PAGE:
Un-blunting – An Existential Crisis in Woodworking


Un-blunting – An Existential Crisis in Woodworking:
A year down the line and I can honestly say I don’t miss my waterstones by Derek Jones.

A year down the line and I can honestly say I don’t miss my waterstones by Derek Jones

The thought of sharpening has been known to bring about an existential crisis for some woodworkers, and whenever I’m asked about my own regime my answer tends to leave folk more than a little underwhelmed. I’m not that big on sharpening.
You see, our role in the workshop is to make the tools blunt; it’s the only truly predictable outcome of our time spent at the bench, everything else is just a consequence of that outcome. Well, at least that’s the fun way of looking at it; the alternative being to flip this cycle on its head and regard the un-blunting of tools as the objective, which isn’t nearly as much fun. Sharpening for me is the equivalent of a hangover; the price you pay for a good night out, and I want to get it over with as quickly as I can. At the same time I don’t want to be a slouch when it comes to obtaining an appropriate cutting edge on my tools. So to this end, about a year ago, I decided to trade my waterstones in for diamond plates in an attempt to crunch the time and investment involved in un-blunting duties without suffering the loss of edge performance.

It’s a dirty job
Sharpening is a messy business however you do it and whatever medium you use. The problem is that they all require a lubricating fluid to either produce a slurry or to keep the cutting surface live. Not having a dedicated sharpening zone in my workshop or a convenient supply of running water meant that maintaining a permanent water bath for three stones and a flattening plate was problematic to the point where I’d put off the act of un-blunting for as long as possible, or even worse, just grab the next sharp tool!
The inherent flaw with both water and oil stones is the minute you start using them you start throwing bits of them away. Imagine you had a £50 note in your wallet and every time you looked at it you cut a piece off the corner until eventually there was nothing left. A good diamond plate, on the other hand, will not waste away in use.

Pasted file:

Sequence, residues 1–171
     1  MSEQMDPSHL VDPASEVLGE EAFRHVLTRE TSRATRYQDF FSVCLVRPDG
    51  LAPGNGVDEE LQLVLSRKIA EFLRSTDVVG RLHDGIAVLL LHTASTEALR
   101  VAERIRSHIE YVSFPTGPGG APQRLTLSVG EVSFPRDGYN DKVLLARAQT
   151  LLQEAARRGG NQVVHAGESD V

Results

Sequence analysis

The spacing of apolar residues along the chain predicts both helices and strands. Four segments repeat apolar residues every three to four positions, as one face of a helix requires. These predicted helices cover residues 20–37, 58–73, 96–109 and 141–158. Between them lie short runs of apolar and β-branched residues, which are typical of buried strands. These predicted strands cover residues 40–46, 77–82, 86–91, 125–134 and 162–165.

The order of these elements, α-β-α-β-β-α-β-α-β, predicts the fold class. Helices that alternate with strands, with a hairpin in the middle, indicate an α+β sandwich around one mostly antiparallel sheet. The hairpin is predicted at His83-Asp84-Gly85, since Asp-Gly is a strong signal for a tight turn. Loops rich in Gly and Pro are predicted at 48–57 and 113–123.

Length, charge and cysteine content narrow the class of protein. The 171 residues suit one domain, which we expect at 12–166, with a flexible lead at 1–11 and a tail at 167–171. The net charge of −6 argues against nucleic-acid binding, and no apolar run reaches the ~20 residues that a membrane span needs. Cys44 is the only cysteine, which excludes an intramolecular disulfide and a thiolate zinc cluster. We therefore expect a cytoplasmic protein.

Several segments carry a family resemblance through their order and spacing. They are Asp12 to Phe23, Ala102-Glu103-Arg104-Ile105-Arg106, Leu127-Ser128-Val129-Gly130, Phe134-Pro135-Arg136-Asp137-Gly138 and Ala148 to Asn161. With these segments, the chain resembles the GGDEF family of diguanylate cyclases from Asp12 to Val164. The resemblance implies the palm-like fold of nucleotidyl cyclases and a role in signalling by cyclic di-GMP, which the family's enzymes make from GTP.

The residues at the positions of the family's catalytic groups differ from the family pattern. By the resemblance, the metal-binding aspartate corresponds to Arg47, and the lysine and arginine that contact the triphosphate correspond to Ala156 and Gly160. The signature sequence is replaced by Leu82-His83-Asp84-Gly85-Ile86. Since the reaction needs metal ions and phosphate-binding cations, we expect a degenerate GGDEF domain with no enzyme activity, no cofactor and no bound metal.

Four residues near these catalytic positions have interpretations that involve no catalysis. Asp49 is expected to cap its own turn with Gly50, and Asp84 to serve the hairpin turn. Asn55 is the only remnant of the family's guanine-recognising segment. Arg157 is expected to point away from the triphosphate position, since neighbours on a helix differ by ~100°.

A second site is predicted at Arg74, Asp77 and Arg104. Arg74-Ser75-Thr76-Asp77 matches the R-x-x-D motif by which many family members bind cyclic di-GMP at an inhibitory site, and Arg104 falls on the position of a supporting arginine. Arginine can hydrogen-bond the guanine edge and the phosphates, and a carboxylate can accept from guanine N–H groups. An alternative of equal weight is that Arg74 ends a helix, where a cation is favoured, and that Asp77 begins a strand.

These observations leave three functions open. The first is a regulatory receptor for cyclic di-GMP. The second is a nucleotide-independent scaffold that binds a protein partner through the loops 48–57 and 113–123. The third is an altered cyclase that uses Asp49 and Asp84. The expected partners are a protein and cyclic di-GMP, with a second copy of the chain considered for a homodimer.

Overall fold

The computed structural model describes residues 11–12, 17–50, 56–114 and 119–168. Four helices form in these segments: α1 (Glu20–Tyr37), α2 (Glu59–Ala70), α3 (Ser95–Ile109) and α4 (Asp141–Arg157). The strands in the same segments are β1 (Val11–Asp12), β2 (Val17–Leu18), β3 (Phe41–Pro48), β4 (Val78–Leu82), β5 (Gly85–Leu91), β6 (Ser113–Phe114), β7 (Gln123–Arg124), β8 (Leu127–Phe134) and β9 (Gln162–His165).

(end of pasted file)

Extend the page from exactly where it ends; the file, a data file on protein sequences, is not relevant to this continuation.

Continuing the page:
My choice of plate was the Classic Pro 8in coarse/fine stone from Trend, which comes in a protective wallet with a rubber to help clean the surface after each use, and a non-slip mat. The coarse side of the plate has a 300 grit rating, equal to 50 micron and has a very fast cutting action and will reduce thin blades to dust in no time. It’s so efficient in fact that I’m finding I don’t need to break out the grinder quite as often to establish primary bevels on a lot of blades. The fine side has a 1000 grit rating equal to 15 micron and is ideal for setting secondary bevels. Like a lot of folk, I’ve got a mixed bag of tool steels in my rack that include O1, A2 and PMV-11 and possibly some I’m not sure about; the shocking thing is I cannot detect any difference in time spent un-blunting between the steels. As part of my trial I experimented with working straight off the fine plate with mixed results. Chisels seemed to fare best under this streamlined regime, especially those that are used for more chopping than paring. For all but one plane, a rough semi scrub like No.5, the fine plate was woefully under sharp and was not effective at reducing the wire edge. With the waterstones in moth balls I turned to a ceramic Spyderco fine grade stone for finishing. As good as these stones are, they are narrower than the diamond plates (50mm as opposed to 75mm) and not ideal for wider plane irons. I’ve since moved over to a Shapton Glass Stone HR grit 6000 fine (2.4 micron) and have not looked back.